The fear aggression was a surprise. On our first walk, we were at a crosswalk and she turned into a growling, snapping monster when she saw the person across the street. Later, it was the clerk at the pet store. Pretty much any time she was unsure of her surroundings, she would lash out. With the vet bills rising, I couldn’t afford a consultation with a behaviorist; so, I started reading books on fear aggression. Lots of them. And I began training her myself. I made a lot of mistakes, too.

After 5 years of counter-conditioning, Penny is a much happier dog. She’s still learning how to trust, but she tries. She can even spend the day at work with me without growling. But fear aggression is something you can’t just “fix” once. I learned that when I took her to the ARF  fundraiser walk two Sundays ago. I put her in a situation where there were several hundred strange people and dogs and she responded by being stressed and reactive. I should have known better than to put her through that. It was a good reminder that even now I need to be mindful of her nerves and her reactions. It’s a process.

10 Tips for Working with Fear Aggression

For those with fear aggressive dogs, here are 10 things that worked for Penny. I don’t know that they’ll work for your dog, but they may be worth trying.

  1. Know your dog’s triggers. I had a white board on my fridge where I wrote every specific thing Penny reacted to. Eventually I narrowed it down to people approaching Penny straight on, Hispanic men, wheelchairs, hyper dogs, and children. The list gives you an idea of what to work on—and what to avoid. Don’t try “flooding” your dog with trigger exposure … it doesn’t work.
  2. Learn your dog’s body language. The ASPCA has a helpful list of dog body language with pictures. One of the things that helped the most with Penny was realizing how she freezes up right before a freak out. If I can catch it before the fear really sinks in, I can distract her (read: I can bribe her with treats).
  3. Read up on fear aggression. The Cautious Canine by Patricia McConnell is my favorite resource for fear aggressive dogs. It’s a small pamphlet (about 60 pages) that focuses, step by step, on how to recondition your dog in a positive way. Get it, read it, love it. I also really like this website.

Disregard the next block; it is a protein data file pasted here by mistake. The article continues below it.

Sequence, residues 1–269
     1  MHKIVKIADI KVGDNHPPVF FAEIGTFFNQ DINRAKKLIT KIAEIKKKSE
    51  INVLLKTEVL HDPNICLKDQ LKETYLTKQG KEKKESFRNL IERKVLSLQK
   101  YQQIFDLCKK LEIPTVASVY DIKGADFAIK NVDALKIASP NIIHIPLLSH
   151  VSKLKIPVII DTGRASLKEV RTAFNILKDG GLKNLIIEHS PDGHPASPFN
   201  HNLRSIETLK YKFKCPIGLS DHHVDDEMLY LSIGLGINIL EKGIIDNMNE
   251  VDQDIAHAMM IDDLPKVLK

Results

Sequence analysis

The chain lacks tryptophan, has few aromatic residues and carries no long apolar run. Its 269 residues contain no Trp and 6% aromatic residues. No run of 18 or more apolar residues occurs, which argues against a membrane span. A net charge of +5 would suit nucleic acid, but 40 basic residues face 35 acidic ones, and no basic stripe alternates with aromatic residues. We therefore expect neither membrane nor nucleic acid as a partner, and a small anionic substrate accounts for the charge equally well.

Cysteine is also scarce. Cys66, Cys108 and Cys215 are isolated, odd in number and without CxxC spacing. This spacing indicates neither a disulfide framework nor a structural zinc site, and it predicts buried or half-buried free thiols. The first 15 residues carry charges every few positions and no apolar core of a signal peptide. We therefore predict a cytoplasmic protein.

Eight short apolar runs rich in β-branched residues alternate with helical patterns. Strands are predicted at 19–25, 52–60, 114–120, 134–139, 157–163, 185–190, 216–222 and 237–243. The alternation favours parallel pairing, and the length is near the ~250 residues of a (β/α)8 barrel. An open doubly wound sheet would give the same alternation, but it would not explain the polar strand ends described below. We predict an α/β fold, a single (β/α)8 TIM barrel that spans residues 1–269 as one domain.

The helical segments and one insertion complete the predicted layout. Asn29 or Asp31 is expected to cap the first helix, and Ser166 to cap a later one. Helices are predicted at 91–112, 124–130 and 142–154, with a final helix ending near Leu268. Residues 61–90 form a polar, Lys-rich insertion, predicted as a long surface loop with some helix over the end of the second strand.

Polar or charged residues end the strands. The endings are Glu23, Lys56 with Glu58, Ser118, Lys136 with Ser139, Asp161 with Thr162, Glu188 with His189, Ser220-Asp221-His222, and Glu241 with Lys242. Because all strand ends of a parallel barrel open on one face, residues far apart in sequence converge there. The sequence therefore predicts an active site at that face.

4. Use a muzzle. Yeah, I know they’re controversial. But you can’t control every situation, and you can’t train your dog if you’re scared of what she might do during the training. Her muzzle has saved us from some close calls. (Also, parents, don’t tell your kids to “go run and pet the muzzled dog.” Seriously, people.)
  5. Train with a Gentle Leader head harness. A lot of dogs—including Penny— don’t like a head collar, but it makes her so much easier to control. If she tries to lunge, it turns her in a little circle. I usually only use it for training now, but it helped a lot in the beginning.
  6. Let her growl. A growling dog may be embarrassing for you, but let her growl! Growling warns people that she’s not comfortable. Fear aggressive dogs trained to not growl often jump straight to lunging, snapping, or biting without warning. Trust me, you want warning.
  7. Provide a different behavior that’s accepted. For Penny, this was down/stay. Sit wasn’t enough. It needed to be something she could really focus on instead of the scary thing. And then, when she’d calmly lie there, I’d praise her like crazy. Eventually, whenever she got nervous she’d automatically lie down … much better than lunging!
  8. Train in a controlled environment. You want to build up to the scary stuff. Friends are a great help with this—I had Penny approach them on her own terms as they sat with treats. Early morning at the pet store was also decent  practice because it wasn’t crowded at that hour. Tell people about the fear aggression, by name, before they approach. I sometimes lie a little and tell people Penny was abused. I don’t know if the abuse part is true or not, but people respect Penny’s space more if they hear that (go figure).
  9. Go to the vet and rule out health problems. Penny’s ear issues made it so that she couldn’t hear people approaching. Some of her more erratic fear behaviors calmed once her ears were healthy.
  10. Be calm. Be patient. Know your (and your dog’s) limits. This is going to be a long process, and it doesn’t let up. You have to always “be on” whenever your dog is in public. You have to be the calm, patient leader. There’s probably years of bad behavior that you’re trying to overcome as quickly as possible. You’re going to get lots of dirty looks. People will say things, like how your dog should be put down, that will make you cry. Penny still has bad days, and there are things that Penny will probably never be comfortable with. That’s okay. And, hard as it is, if you can’t handle a dog with fear aggression or don’t have the time, the most loving thing you can do is place them with someone who can. It’s not admitting defeat.

So those are my 1o tips. Now, I appeal to my readers. Anyone have experience with fear aggressive dogs? What are your tips and stories? Wouldn’t it be awesome if we could build up a list of resources in the comments for fear aggressive dogs and their people?